The relevance of marketing to an organization depends on planning and performance measured against it. In writing about marketing management I have observed the marketing mayhem that can occur but also have noted that organizations that take marketing performance management seriously are in better position to assess their efforts in relation to goals and outcomes. I have a little experience in having been a CMO and VP Marketing in my career and know how frantic it can be to managing marketing. Taking it seriously requires more effective technology than spreadsheets and presentations; we recommend using a dedicated application that supports management of both marketing operations and processes that contribute to optimal performance.
As global business increases competitive pressures, marketing departments face new challenges. They must anticipate and respond to frequently changing customer preferences and produce effective programs and campaigns to attract them. In the online world where customers can jump instantly from one company to another, Marketing must develop new ways to catch and hold their attention. Doing this well requires systematic, flexible planning that begins with the CMO and engages the entire department to utilize the full portfolio of resources and act as one to serve their mission.
Managing marketing performance is anything but simple. It requires establishing a unified approach to assess the outcomes of initiatives and projects and compare results with investments in marketing people and campaigns. In general, while performance management has been conducted effectively at the corporate levels, it has been a challenge for most lines of business, marketing departments included.
Topics: Business Analytics, Business Performance Management (BPM), CMO, Customer Performance Management (CPM), Demand Generation, Marketing, Marketing Performance Management, Marketing Planning, Operational Performance Management (OPM), Sales Performance Management (SPM), Social Media, Uncategorized, Business Intelligence
It’s widely agreed that customer experience is now the most important dynamic for business. Any organization that wants to retain loyal and even vocal customers should do everything possible to ensure and maintain customer satisfaction. Software companies, especially those that promise to provide CRM and effective interactions across any channel at any time, should be good examples of embracing the methods they prescribe for using their products. But do they?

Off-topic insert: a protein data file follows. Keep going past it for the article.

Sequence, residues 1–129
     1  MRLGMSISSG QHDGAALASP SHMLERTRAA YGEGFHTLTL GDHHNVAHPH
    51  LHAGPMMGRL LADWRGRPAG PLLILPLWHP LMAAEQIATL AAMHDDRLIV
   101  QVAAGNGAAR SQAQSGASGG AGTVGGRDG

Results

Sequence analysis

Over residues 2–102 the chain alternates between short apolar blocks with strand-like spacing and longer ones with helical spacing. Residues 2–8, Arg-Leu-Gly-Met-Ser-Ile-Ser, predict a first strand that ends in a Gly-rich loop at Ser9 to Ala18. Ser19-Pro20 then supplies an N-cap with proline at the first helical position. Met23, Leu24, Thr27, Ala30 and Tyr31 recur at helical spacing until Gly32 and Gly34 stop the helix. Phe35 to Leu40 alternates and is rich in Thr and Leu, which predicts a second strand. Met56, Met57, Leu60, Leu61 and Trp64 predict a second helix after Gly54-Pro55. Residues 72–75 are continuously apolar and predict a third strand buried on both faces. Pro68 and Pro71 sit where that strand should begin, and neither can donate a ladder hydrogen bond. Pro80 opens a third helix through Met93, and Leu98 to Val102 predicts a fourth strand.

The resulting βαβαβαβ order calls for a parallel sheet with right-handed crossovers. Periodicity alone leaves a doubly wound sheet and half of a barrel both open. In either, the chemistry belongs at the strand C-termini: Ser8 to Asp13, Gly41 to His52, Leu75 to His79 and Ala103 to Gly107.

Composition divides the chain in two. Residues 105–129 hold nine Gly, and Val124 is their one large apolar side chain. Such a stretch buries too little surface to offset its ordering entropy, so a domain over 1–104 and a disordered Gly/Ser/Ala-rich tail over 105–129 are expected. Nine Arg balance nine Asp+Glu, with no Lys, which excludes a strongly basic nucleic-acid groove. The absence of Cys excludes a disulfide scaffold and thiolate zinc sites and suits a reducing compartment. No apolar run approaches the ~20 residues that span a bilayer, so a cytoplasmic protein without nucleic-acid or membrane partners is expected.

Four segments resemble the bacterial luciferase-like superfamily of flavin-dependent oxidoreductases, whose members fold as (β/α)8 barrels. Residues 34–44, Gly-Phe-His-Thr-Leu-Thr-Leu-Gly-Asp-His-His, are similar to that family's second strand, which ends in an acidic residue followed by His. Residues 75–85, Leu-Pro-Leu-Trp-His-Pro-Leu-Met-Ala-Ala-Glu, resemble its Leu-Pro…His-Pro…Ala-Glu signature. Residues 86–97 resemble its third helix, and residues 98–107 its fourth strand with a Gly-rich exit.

Topics: Cloud Computing, Customer Experience, Customer Performance Management (CPM), Financial Performance Management (FPM), Governance, Risk & Compliance (GRC), HCM, HR, HRMS, Human Capital, Human Capital Management, Marketing, NA14, NetSuite, Operational Performance Management (OPM), Sales Performance Management (SPM), Social Media, TribeHR, Workforce Performance Management (WPM), Zach Nelson
Organizations in all industries face various difficulties in managing product information. The most serious is providing complete, engaging information to consumers and customers on the internet. Newly developed products, mergers and acquisitions, changes to pricing and promotions in online commerce spur business growth, but these factors also increase the amount and complexity of product-related data and content. In addition the digital economy offers a new generation of services that are sold by subscription and packaged in various options and price points. As well, global diversification of suppliers, customers and business partners forces organizations to manage data quality and consistency in multiple locations, currencies and languages.
Topics: Big Data, Business Analytics, Business Performance Management (BPM), Cloud Computing, Customer Performance Management (CPM), Financial Performance Management (FPM), Information Management (IM), Information Optimization, Operational Performance Management (OPM), PIM, Product Information Management, Sales, Market, Sales Performance Management (SPM), Supply Chain Performance Management (SCPM), Uncategorized
Through a federal rule referred to as “Overtime Rule” and part of Title 29 regulations was issued on May 18th, 2016 by the Department of Labor (DOL), the Obama administration now mandates that unless they meet criteria for exemption, employees paid less than $47,476 ($22.825 per hour) are entitled to overtime pay when they work more than 40 hours per week. The rule change, which goes into effective on December 1, 2016, is intended to apply to executive, administrative and professional employees; it has exemptions for teachers, lawyers and other specific jobs and industries.
Topics: Business Analytics, Cloud Computing, Contingent Labor, Customer Performance Management (CPM), Department of Labor, Final Rule, Financial Performance Management (FPM), FLSA, Governance, Governance, Risk & Compliance (GRC), Human Capital, Human Capital Management, Operational Performance Management (OPM), Overtime Rule, Part 541, POTUS, President Obama, Sales Performance Management (SPM), Supply Chain Performance Management (SCPM), Uncategorized, Wage and Labor, Workforce Management, Workforce Performance Management (WPM), Workforce Planning